All experiments were performed in triplicate. SPSS software version 16 was employed to analyze the data through the Repeated Measure ANOVA and Independent Samples t test. The significance levels were expressed at a 95% confidence level (P ≤ 0.05).

4. Results

4.1. Survival of Pathogenic and Non-Pathogenic V. parahaemolyticus Under Adverse Conditions

As shown in Figure 1A-C, the survival rates of pathogenic and non-pathogenic V. parahaemolyticus decreased as the incubation time increased, in all the incubation temperatures tested. At the end of the incubation period at 50 °C (Figure 1A), pathogenic and non-pathogenic strains showed survival rates of ca. 1.1% and, 2.4%, respectively. When stored at low temperatures, viable populations of both strains showed a decreasing trend upon extending the storage time. At the end of the 10-day storage period at 4°C, pathogenic and non-pathogenic strains showed survival rates of ca. 17.3% and 12.5%, respectively (Figure 1B). V. parahaemolyticus cells, regardless of their pathogenicity, declined to a greater extent at -18°C (Figure 1C) rather than at 4°C. At the end of the 7-day storage period, pathogenic and non-pathogenic strains showed survival rates of ca. 0.04% and 0.02%, respectively (Figure 1C). However, at the end of the incubation period, no significant difference was observed in the viable population of pathogenic and non-pathogenic strains in all the temperatures tested (P > 0.05). The same result was observed in the presence of 20% NaCl (Figure 1D), where at the end of the incubation time viable population of pathogenic V. parahaemolyticus decreased to 1.23%, which did not differ significantly from that of the non-pathogenic strain (2.18%).

Figure 1. Survival of Pathogenic (■) and Non-Pathogenic (▲) V. Parahaemolyticus at 50°C (A), 4°C (B), -18°C (C) and in the Presence of 20% NaCl (D)
Survival of Pathogenic (■) and Non-Pathogenic (▲) V. Parahaemolyticus at 50°C (A), 4°C (B), -18°C (C) and in the Presence of 20% NaCl (D)

The initial populations were 104-105 cfu/mL. Survival rates were obtained by dividing the survival populations by the initial populations which corresponds to 100%.

4.2. The Effect of Chlorine Stress on the Susceptibility of Pathogenic and Non-Pathogenic V. parahaemolyticus to Various Environmental Stresses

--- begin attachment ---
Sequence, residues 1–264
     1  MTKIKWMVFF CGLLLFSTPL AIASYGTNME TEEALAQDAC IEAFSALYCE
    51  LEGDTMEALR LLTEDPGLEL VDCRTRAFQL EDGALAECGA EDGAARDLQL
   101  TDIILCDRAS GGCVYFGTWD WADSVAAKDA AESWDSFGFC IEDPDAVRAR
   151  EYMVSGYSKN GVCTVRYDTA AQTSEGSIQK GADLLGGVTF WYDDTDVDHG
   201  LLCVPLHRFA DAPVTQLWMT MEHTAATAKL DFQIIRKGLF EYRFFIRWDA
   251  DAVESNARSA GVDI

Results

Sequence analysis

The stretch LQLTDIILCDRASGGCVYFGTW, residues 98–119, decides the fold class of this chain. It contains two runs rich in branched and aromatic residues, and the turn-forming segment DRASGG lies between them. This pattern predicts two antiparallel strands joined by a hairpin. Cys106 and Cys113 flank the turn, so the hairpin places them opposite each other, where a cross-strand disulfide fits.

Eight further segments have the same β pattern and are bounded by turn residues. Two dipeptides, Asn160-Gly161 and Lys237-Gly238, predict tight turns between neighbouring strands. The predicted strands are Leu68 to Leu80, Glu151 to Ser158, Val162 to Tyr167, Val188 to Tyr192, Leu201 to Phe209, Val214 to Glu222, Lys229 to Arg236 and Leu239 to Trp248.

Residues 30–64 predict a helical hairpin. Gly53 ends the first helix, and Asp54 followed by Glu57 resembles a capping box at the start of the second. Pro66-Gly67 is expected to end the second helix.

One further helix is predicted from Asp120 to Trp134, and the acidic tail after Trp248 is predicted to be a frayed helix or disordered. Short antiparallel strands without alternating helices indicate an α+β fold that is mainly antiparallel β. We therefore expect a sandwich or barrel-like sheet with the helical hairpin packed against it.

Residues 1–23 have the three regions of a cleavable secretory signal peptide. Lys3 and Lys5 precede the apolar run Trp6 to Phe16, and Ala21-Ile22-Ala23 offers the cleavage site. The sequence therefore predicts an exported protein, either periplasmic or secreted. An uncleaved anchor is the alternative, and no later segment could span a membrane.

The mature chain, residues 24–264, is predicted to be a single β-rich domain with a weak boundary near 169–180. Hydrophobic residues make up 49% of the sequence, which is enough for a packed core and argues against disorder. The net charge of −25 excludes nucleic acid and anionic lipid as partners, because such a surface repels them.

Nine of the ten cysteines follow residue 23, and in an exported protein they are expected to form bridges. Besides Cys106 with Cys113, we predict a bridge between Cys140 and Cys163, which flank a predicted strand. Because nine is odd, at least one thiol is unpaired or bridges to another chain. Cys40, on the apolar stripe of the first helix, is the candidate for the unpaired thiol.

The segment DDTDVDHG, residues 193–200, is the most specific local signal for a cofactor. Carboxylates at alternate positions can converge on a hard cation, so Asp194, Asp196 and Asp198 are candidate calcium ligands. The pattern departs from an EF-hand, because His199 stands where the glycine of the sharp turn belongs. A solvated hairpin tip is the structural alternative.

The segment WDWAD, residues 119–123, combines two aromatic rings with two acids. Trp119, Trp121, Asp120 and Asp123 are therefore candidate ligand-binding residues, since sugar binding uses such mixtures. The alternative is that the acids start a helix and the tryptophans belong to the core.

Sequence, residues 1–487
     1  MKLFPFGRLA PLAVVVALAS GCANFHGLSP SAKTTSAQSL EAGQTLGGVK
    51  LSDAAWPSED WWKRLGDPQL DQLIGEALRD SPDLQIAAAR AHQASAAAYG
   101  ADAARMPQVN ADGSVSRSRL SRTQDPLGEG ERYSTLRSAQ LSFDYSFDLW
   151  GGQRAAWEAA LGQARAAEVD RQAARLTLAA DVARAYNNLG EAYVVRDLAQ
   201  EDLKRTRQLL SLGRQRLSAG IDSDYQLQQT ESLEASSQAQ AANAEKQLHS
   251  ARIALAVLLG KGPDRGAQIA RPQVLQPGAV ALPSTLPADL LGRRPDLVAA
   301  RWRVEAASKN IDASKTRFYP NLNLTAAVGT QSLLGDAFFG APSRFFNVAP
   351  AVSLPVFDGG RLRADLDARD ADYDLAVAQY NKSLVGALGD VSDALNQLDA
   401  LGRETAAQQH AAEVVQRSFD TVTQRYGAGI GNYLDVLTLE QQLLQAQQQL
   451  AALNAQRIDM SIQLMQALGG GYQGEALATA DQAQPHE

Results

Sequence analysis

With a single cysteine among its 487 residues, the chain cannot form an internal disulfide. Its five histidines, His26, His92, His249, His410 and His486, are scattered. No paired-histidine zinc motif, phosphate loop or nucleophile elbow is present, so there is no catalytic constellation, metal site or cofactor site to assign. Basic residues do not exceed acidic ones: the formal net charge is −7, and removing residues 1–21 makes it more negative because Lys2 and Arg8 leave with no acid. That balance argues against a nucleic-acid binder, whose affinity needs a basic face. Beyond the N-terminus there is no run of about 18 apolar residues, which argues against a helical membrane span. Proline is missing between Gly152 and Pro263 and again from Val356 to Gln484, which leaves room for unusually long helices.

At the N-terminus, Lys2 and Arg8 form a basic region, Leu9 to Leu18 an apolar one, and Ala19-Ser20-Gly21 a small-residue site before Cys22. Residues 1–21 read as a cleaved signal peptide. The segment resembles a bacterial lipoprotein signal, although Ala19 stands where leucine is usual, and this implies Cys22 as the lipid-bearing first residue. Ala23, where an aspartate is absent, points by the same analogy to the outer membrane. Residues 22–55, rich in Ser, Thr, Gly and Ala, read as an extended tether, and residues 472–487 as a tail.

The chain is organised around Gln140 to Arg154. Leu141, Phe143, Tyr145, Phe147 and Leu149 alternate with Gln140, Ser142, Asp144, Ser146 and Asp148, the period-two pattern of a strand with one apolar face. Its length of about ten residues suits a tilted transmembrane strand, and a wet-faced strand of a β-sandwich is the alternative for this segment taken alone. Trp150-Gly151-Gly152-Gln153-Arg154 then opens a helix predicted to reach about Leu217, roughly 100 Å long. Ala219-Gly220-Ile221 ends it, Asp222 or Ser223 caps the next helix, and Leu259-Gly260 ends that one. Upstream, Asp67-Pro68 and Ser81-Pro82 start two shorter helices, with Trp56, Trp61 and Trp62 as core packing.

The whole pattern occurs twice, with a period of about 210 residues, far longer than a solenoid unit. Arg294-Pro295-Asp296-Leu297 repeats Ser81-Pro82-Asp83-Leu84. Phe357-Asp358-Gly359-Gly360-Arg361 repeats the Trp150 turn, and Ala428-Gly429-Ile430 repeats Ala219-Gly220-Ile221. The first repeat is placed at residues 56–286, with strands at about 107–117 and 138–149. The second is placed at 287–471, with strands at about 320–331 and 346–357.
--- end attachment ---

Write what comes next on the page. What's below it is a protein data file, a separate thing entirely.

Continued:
4.2.1. The Effect of Chlorine Stress on the Survival at Low Temperatures

As shown in Figure 2, the survival rates of chlorine-stressed cells of pathogenic and non-pathogenic strains significantly decreased (P < 0.05) compared to those of the control cells as the storage time at 4°C was extended. At the end of the 10-day storage, the control cells of pathogenic and non-pathogenic strains showed survival rates of 17.4% and 12.6%, respectively. Meanwhile, chlorine-stressed cells of both strains exhibited a significantly (P <0.05) lower survival rates of 1.2% and 1.1%, respectively. Comparing the behavior of chlorine-stressed cells of pathogenic and non-pathogenic V. parahaemolyticus during storage at 4°C showed no significant difference (P > 0.05), similar to the normal cells.

At -18°C, survival of both the control and chlorine-stressed cells of pathogenic and non-pathogenic strains showed a decreasing trend upon extending the storage time (Figure 3). Although during the storage period, viable populations of the control cells of pathogenic and non-pathogenic strains were higher than those of the chlorine-stressed cells, they did not differ significantly (P > 0.05). As observed at 4°C, no significant difference was observed in the survival of chlorine-stressed cells of pathogenic and non-pathogenic V. parahaemolyticus during storage at -18 °C (P > 0.05).

Figure 2. Survival of Pathogenic (A) and Non-Pathogenic (B) V. Parahaemolyticus at 4°C: Control Cells (▲); Chlorine-Stressed Cells (■)